The Experts

The rise of renter-investors

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There is a rising number of young buyers who are choosing to purchase an investment property instead of their first home so they can get a foot in the door of the property market while continuing to live in the lifestyle locations they like. They’re dubbed ‘renter-investors’ and it’s a growing trend. In fact, one academic estimates 11 per cent of all residential properties are purchased by people who rent their own homes*.

There are two reasons for this. Firstly, we’ve known for some time that many young Australians are valuing lifestyle over the traditional dream of home ownership. They’re renting in beachside or cityside suburbs where there’s a café culture, restaurants, nightlife, entertainment, recreational facilities and fast CBD access to work. They can’t afford to buy in these locations but they don’t want to move to the outer ring where properties are cheaper. So they’re left with two options. They either rent for life or they buy for investment.

This choice means they don’t qualify for the First Home Owners Grant, which is only available to first homebuyers who have never purchased property before. But they do enjoy the significant tax benefits of negative gearing and with rental returns so strong right now they have greater ability to manage the repayments on an investment loan.

I have long advocated home ownership as a cornerstone investment in people’s financial future. However, I would rather see young Australians buying an investment property than doing nothing at all.

Property has proven itself to be one of the best asset classes for wealth generation and as long as these young buyers are sensible about their ability to pay high rents themselves as well as the repayments on their investment loans, then good luck to them.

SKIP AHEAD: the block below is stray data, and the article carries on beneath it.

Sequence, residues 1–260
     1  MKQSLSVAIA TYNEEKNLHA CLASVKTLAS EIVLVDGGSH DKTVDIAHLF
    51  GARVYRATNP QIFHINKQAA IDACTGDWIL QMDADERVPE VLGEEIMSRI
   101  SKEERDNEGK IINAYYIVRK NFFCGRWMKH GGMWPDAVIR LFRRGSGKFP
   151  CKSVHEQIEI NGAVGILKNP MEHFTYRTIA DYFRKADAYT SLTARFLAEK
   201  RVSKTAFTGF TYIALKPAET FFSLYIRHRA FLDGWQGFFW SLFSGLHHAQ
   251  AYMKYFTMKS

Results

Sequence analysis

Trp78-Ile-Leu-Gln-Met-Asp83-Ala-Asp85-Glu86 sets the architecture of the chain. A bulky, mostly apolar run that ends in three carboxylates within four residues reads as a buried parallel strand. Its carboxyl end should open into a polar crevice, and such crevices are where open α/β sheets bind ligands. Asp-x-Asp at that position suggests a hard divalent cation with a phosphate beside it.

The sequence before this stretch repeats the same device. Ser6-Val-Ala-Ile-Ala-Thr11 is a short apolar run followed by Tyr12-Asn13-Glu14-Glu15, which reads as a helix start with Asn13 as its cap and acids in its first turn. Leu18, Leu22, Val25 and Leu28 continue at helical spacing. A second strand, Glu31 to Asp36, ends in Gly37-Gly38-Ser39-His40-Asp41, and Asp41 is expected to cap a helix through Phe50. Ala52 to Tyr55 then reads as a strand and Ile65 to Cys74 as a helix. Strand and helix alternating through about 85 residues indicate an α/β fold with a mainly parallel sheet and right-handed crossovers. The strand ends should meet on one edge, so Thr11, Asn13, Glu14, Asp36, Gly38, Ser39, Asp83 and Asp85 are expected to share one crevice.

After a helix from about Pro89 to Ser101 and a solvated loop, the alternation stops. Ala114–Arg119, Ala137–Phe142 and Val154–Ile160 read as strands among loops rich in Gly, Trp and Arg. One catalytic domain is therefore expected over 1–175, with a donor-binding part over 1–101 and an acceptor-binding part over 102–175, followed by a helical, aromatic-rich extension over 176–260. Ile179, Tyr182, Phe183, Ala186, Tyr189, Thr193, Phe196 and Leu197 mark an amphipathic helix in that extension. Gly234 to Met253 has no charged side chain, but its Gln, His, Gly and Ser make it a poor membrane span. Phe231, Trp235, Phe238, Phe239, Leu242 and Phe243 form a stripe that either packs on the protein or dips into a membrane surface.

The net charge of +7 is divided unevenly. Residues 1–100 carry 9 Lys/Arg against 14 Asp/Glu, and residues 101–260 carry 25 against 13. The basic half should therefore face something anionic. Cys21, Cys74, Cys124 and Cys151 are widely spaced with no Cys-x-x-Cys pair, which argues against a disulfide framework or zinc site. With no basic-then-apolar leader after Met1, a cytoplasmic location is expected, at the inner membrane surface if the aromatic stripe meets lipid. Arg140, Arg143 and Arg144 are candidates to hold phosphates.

Renting-investing is entirely do-able if you’re on a good income. Here’s the numbers, using Sydney as an example.

  • One of the suburbs I like for apartment buying right now is North Parramatta, where the median apartment price is $345,000.
  • With a 10 per cent deposit, the monthly repayment is $2087.
  • Rents in this area are an average $360 per week for a two-bedder and $420 per week for a three-bedder. This represents a very strong rental yield of between 5.4 and 6.3 per cent.
  • Say you buy an apartment for $345,000 and get the minimum rental return of $360 per week. That’s an average $1560 per month, leaving a $527 gap or an average $120 per week gap over the year.
  • Although this gap doesn’t take into account costs such as strata levies and council rates, this out-of-pocket expense is tax deductible – as are the strata levies, council rates and other costs too!

So, these young executives can live in a rental by the beach and close to work while still owning property to secure their future wealth. And there’s one thing I haven’t mentioned… capital gains. Their investment property will keep growing in value – in our example here, North Parramatta apartments appreciated a respectable 4.55 per cent or $15,000 in 2010. Not bad!

* Dr Terry Burke, professor of housing studies at Swinburne University


Published: Wednesday, April 13, 2011

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